Or is it? Are paper straws better for the environment than plastic straws? If the research into paper versus plastic shopping bags I mentioned above is any indication, that answer is a resounding…umm…maybe?

Others have stopped serving straws altogether. Bravo!

Is this a big deal?

Based on the media attention, you would think so. But in the entertainment industry, magicians call this a “sleight of hand.” Everybody keep your eyes on the straws. See how good we are eliminating straws? Isn’t it amazing? Nobody look at the disposable cups the straws come in. Or the disposable plates and wrappings.

Let’s look at some facts:

Straws make up 4% of the pieces of plastic waste. That sounds like a lot, but straws are tiny. Altogether, they make up 0.0002% of the mass of plastic waste. Not even a drop in the bucket.

The 500 billion disposable cups they come in each year are made typically of some combination of plastic, carton and styrofoam. A reusable coffee mug (or juice, or smoothie or whatever cup) is more environmentally friendly than a disposable one after 6 to 127 uses (even factoring in the environmental impact of washing them).

We haven’t even begun to talk about disposable fast food plates, containers, cups and cutlery.

Straws are not the problem. No, your company is not amazing for eliminating straws. Your company is a HUGE polluter for pushing a non-stop torrent of pollution out your front door every day.

Of all the dishes and containers that fast food restaurants use, the easiest to eliminate tomorrow – yes, tomorrow – are beverage containers. Pass the law and BYOC (bring your own cup).

Hopefully Canada’s upcoming plastics ban will include the cups, not just the straws, and hopefully it will ban them regardless of the material – replacing plastic with paper or some other material isn’t going to fix the problem.

Drive-throughs

Drive-thrus are a double waste. This is because people using drive-throughs are not only polluting for nothing, but are often inflicting self-harm, as well. In this sedentary society, do people really need another reason to sit? They could make their coffee at home. They could walk up to the counter. Or they could sit in a vehicle with the engine running and pollute for nothing.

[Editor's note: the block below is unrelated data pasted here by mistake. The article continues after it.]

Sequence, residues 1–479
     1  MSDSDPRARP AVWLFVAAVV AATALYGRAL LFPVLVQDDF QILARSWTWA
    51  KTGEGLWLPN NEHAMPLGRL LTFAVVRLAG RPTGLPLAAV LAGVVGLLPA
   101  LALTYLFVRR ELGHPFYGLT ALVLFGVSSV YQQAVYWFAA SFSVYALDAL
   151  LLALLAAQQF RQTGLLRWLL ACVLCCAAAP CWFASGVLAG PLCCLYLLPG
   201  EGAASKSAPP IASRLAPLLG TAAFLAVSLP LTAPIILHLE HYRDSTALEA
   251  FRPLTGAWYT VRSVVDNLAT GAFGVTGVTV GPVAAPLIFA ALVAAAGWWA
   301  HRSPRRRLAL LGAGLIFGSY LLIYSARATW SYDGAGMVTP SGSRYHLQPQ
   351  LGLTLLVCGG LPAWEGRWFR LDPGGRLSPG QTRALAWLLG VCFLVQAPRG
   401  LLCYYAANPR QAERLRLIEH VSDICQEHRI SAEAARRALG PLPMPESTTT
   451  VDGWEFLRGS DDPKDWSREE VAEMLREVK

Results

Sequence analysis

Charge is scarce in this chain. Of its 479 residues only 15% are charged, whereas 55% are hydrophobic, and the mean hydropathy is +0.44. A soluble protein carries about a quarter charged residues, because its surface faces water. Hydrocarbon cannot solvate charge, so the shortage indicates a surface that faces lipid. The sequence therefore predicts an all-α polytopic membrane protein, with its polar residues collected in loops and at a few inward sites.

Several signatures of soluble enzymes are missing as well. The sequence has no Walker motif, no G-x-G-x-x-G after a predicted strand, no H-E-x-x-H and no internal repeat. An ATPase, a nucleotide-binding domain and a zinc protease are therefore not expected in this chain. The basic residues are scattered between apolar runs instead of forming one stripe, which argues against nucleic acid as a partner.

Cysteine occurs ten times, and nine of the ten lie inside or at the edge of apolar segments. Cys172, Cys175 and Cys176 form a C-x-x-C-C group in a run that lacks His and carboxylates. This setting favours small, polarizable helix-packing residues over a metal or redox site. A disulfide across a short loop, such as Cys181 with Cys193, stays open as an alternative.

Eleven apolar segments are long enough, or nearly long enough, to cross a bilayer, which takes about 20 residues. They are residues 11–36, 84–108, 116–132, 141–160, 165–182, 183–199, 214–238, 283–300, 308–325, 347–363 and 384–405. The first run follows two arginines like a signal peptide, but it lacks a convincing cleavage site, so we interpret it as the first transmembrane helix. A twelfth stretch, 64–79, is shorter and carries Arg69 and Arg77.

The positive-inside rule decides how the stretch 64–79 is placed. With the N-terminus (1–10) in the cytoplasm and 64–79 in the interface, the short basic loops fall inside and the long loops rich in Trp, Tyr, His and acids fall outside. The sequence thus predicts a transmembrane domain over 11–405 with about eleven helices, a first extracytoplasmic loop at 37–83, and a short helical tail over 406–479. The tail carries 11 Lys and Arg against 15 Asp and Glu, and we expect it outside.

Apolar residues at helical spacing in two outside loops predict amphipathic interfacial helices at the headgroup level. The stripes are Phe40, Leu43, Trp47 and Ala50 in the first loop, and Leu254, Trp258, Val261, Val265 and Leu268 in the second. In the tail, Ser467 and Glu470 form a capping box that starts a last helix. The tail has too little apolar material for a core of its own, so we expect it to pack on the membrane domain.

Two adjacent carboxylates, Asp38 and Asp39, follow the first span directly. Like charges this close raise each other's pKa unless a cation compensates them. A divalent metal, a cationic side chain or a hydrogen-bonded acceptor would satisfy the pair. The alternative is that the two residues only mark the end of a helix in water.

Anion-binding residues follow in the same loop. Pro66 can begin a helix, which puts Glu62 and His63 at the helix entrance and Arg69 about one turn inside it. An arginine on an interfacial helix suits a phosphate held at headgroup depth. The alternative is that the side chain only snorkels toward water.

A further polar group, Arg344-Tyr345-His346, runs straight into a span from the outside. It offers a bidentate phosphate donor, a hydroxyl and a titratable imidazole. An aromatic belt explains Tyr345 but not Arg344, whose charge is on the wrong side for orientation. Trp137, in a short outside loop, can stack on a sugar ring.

Drive-throughs are responsible for burning 57 million gallons of gasoline in the US alone each year. Even on the coldest Canadian winter days, there is no reason someone needs to sit in their car, running the engine, while ordering coffee or a burger or a muffin.

Or doing banking.

Or picking up a prescription.

What can you do?

Actually, there is a lot you can do. In almost all cases, you can avoid these useless polluters. I know there are people in my household who insist on using paper towels and going through the drive-through. But that doesn’t mean I have to.

And you don’t have to, either.

You have a choice.

In the long run however, it will take more than you and I to turn this boat around. Society will have to move past the disposable-for-profit (planned obsolescence) business model.

In the meantime, why would you pee in the swimming pool?

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Comments

  1. Wow! These are such valid points. I agree completely. There is far too much waste that happens in our environment. So many things could be improved, but it will have to be a joint effort by many to undo the damage that is being done. My family has already jumped on board with many washable and reusable household items. Also we use plant fiber wipes that dissolve. Everyone should do their part even if it is a difficult cycle to break. Thank you for sharing!

  2. It all comes down to plastics, if only industries around the world can start recycling used plastic then our planet will start getting better.

  3. This will end if we make people aware of not using plastics and disposal waste in their daily use. Industries should focus on encouraging more and more people.